Many desire a Sierra Leone where men and women are treated equally. This has gradually come to the fore as the 5th Parliament of the Second Republic of Sierra Leone enacted the “Gender Empowerment Act 2021” on 15th November 2022. In the coming weeks, the President’s assent of the Act will formally establish this law for which women and their allies (individual and institutional) will have reasons to celebrate


In Sierra Leone, women constitute 52% of the population, yet, are underrepresented in all decision-making, governance and political structures. The calls for gender equality and women’s empowerment are not of the recent past but trace their roots to times before the decade-long civil war, which entrenched the inequalities between men and women. Since the end of the civil war in 2002, successive governments have made incremental strides in addressing the cultural and structural inequalities between men and women. However, increased civil society and international partners’ activities focused on gender equality have seen governments since 2007; take more affirmative actions on gender equality and women’s empowerment

The Change

In 2021, the Minister of Gender and Children’s Affairs tabled the Gender Empowerment (GE) bill before Parliament, a product of the Gender Equality and Women’s Empowerment (GEWE) Policy. Since then, civil society organisations such as SEND Sierra Leone and other partners have intensified advocacy efforts focused on community, district, and national engagement with traditional, political, and legislative stakeholders. These engagements focused on creating dialogue and action plans by women in governance networks (platforms created by SEND Sierra Leone and supported by Irish Aid, Christian Aid UK and Ireland, Trōcaire, Terra Tech Förderprojekte e.V and the German Federal Ministry of Economic Cooperation and Development) to lobby lawmakers to pass the bill into law.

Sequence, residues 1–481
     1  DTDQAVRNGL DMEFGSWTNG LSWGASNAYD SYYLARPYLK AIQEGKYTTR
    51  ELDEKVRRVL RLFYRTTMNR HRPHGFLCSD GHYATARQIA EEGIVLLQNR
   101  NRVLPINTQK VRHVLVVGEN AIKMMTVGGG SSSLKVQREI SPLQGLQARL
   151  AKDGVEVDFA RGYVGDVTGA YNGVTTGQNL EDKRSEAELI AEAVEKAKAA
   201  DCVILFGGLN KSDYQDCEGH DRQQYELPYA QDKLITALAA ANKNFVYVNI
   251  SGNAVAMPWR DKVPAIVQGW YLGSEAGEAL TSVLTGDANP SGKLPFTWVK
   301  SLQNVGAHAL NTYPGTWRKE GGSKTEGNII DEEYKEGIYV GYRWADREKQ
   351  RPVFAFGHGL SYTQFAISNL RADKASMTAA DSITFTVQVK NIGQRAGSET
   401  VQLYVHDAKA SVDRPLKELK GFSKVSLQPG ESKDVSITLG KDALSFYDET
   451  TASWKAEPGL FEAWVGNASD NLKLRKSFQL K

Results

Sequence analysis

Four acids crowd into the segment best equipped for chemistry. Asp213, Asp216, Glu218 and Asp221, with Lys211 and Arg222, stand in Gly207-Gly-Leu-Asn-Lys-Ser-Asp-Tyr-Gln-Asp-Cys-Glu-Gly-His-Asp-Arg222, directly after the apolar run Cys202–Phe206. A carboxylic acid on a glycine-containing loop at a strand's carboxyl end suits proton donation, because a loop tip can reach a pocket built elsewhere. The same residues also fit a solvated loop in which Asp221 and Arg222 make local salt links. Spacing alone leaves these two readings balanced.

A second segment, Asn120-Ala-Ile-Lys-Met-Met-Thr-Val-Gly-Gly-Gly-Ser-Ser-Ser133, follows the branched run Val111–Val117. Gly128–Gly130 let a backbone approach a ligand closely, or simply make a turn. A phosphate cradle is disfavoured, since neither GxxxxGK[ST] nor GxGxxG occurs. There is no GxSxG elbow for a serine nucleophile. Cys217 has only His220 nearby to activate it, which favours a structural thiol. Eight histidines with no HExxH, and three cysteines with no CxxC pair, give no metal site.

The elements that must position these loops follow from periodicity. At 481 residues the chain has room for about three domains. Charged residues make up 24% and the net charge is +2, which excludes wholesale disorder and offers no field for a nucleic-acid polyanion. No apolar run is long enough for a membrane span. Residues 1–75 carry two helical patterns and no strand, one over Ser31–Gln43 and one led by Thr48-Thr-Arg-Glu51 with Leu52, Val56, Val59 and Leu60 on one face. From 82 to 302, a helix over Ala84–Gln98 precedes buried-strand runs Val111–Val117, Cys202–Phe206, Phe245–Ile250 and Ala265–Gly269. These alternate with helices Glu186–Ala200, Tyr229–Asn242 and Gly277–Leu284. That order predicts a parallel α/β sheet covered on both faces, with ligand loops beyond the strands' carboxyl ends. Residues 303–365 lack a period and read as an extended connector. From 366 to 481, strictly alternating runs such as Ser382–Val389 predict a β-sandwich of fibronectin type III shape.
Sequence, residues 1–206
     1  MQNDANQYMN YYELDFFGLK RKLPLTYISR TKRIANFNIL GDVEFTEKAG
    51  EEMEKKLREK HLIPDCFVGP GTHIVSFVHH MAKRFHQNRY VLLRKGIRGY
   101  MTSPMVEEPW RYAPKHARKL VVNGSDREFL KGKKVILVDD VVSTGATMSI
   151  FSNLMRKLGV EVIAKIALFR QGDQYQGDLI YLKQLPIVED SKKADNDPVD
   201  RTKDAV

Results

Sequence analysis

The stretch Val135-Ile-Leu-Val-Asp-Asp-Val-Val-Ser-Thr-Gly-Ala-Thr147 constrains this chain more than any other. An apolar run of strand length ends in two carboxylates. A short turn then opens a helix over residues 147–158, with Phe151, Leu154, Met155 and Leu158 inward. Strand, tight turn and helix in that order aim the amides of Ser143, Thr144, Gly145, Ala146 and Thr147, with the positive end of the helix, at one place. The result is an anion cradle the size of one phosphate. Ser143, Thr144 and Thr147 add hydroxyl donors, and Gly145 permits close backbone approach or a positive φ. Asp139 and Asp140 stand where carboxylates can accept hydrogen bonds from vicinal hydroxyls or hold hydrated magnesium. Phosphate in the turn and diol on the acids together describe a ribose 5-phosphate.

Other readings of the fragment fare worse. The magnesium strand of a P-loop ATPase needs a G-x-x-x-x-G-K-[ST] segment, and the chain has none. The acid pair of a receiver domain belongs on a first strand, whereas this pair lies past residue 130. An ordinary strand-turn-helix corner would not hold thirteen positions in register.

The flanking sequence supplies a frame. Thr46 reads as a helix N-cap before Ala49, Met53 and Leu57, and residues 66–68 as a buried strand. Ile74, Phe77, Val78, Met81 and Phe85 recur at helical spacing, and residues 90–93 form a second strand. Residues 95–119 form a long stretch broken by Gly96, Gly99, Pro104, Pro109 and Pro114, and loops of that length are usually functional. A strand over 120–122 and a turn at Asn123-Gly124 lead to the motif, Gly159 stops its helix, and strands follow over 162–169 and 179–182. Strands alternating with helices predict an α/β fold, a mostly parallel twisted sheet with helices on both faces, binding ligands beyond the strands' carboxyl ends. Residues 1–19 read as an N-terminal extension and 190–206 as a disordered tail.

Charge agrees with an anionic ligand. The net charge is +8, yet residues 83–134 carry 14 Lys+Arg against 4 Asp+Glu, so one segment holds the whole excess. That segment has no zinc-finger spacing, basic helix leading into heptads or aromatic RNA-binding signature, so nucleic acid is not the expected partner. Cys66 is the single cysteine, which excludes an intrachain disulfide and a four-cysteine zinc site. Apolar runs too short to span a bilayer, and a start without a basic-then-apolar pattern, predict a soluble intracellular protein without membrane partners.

With 13 months of intensive planning, dialogue, and lobbying with Members of Parliament, Parliament enacted the bill into law. Supported by Trōcaire, Christian Aid, and Irish Aid, SEND Sierra Leone, the Women in Governance Networks, the 50/50 Group, Campaign for Good Governance (CGG), The Network Movement for Justice and Development (NMJD), Women’s Forum for Human Rights and Democracy (WOFHRAD), Association For The World Being of Rural Communities and Development (ABC-Development) and other stakeholders, were successful in their goal of working with and lobbying the Members of Parliament. Key components of the Bill, such as “reserve seats for women in Parliament”, were expunged due to their inconsistency with sections 27(1) of the 1991 constitution and 58 (2) of the Public Elections Act 2022.

The Act

The law stipulates a minimum quota of 30% of women’s employment in all public and private institutions and provides equal access to job opportunities, training and pay. It also encourages the establishment of Gender Units in all MDAs. The Gender Units will be responsible for promoting and ensuring the implementation of gender equality policies in all public institutions, such as providing 14-week maternity leave to women. It also encourages the establishment of reforms covering financial inclusion to embolden women’s economic empowerment.

The Future

Yesterday’s outcome has rekindled hope for Sierra Leonean women and men, and strengthens the resolve of CSOs and international community stakeholders to continue advancing efforts towards an equitable Sierra Leone that works for all. SEND Sierra Leone will continue to work with its partners to develop the capacities of women to effectively leverage the law to achieve inclusion, equity and empowerment. Also, advocacy and training efforts will be intensified to ensure that women are involved in decision-making, governance and politics at the community, district and national levels.